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Active Berkeleyanism: Containing an exposition of an improved methodology for Berkeleyan scholarship via a new unified interpretation of Berkeleyanism, with objections and replies

Blechl, John Edward (2019) Active Berkeleyanism: Containing an exposition of an improved methodology for Berkeleyan scholarship via a new unified interpretation of Berkeleyanism, with objections and replies. PhD thesis, University of York.

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Abstract

This dissertation demonstrates an improved methodology for Berkeleyan scholarship. This improved methodology, which I call Active Berkeleyanism, seeks to incorporate Berkeley’s corpus, his biography, and Berkeleyan scholarship in order to open new possibilities of understanding and interpretation of Berkeleyanism. To express and exhibit this improved methodology, this dissertation offers a new unified interpretation of Berkeleyanism which highlights the content, purpose, scope, method, and importance of the 1710 Design for Berkeleyanism. This new unified interpretation is a product of Active Berkeleyanism and must not be confused with Active Berkeleyanism as a methodology. This new unified interpretation argues for a commonality of aims under the 1710 Design: the general aim of bringing Berkeley’s audience to a proper understanding and activity in their relationships with each other, the world, and God; and the final aim of preparing his audience for Anglican salvation. Having completed the exposition of Active Berkeleyanism and the new unified interpretation, this dissertation turns to possible objections against Active Berkeleyanism, the final aim of the 1710 Design, and the non-abandonment of the 1710 Design. This dissertation concludes with a summary of the important points contained herein and suggestions of further research using the methodology of Active Berkeleyanism.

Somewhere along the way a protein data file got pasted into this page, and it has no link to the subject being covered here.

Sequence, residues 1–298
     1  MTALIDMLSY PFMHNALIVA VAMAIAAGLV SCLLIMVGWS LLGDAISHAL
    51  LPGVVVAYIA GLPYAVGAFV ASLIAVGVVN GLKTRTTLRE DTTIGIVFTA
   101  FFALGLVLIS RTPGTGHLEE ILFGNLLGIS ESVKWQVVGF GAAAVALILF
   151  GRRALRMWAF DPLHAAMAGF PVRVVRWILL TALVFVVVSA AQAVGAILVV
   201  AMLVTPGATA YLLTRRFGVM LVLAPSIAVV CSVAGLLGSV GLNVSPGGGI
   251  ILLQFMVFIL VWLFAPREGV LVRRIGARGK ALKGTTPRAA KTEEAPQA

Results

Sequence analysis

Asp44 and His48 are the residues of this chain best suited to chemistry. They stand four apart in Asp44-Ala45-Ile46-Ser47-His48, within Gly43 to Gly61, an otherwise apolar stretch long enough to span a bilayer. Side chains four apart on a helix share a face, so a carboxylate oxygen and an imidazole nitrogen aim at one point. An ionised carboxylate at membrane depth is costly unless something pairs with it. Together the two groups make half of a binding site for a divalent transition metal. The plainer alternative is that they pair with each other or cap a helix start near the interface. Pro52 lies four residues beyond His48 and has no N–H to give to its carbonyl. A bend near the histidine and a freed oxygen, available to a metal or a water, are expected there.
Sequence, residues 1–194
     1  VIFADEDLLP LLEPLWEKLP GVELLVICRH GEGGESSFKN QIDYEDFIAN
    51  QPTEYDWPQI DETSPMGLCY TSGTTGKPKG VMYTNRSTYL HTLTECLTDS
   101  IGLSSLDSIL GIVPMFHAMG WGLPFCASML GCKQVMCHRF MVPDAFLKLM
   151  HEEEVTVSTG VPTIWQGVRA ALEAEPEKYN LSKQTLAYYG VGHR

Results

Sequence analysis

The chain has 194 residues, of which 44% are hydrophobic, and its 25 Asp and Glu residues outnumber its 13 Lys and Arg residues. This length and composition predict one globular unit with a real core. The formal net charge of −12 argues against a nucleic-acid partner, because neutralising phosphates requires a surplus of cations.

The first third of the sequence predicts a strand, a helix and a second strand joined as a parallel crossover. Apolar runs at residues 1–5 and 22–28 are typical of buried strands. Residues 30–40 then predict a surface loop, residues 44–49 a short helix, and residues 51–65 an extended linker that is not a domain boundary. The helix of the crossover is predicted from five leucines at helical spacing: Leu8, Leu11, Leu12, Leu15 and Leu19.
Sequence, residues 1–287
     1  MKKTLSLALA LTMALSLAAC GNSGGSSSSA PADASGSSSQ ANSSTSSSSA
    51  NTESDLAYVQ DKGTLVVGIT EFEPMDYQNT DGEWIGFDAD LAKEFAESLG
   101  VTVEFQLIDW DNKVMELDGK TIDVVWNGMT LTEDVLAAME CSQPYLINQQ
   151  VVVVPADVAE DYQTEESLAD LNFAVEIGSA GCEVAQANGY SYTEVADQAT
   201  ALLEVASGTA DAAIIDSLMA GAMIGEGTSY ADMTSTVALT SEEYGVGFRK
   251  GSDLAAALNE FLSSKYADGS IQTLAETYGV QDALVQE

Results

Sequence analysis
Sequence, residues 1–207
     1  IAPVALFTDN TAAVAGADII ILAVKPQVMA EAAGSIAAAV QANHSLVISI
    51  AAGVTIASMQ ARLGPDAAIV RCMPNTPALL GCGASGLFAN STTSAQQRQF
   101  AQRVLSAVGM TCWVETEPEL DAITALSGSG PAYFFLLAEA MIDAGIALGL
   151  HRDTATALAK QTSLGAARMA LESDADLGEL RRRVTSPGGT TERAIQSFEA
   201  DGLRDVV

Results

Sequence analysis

Item Type: Thesis (PhD)
Academic Units: The University of York > Philosophy (York)
Depositing User: Mr John Edward Blechl
Date Deposited: 10 Oct 2019 14:17
Last Modified: 10 Oct 2019 14:17
URI: http://etheses.whiterose.ac.uk/id/eprint/24723

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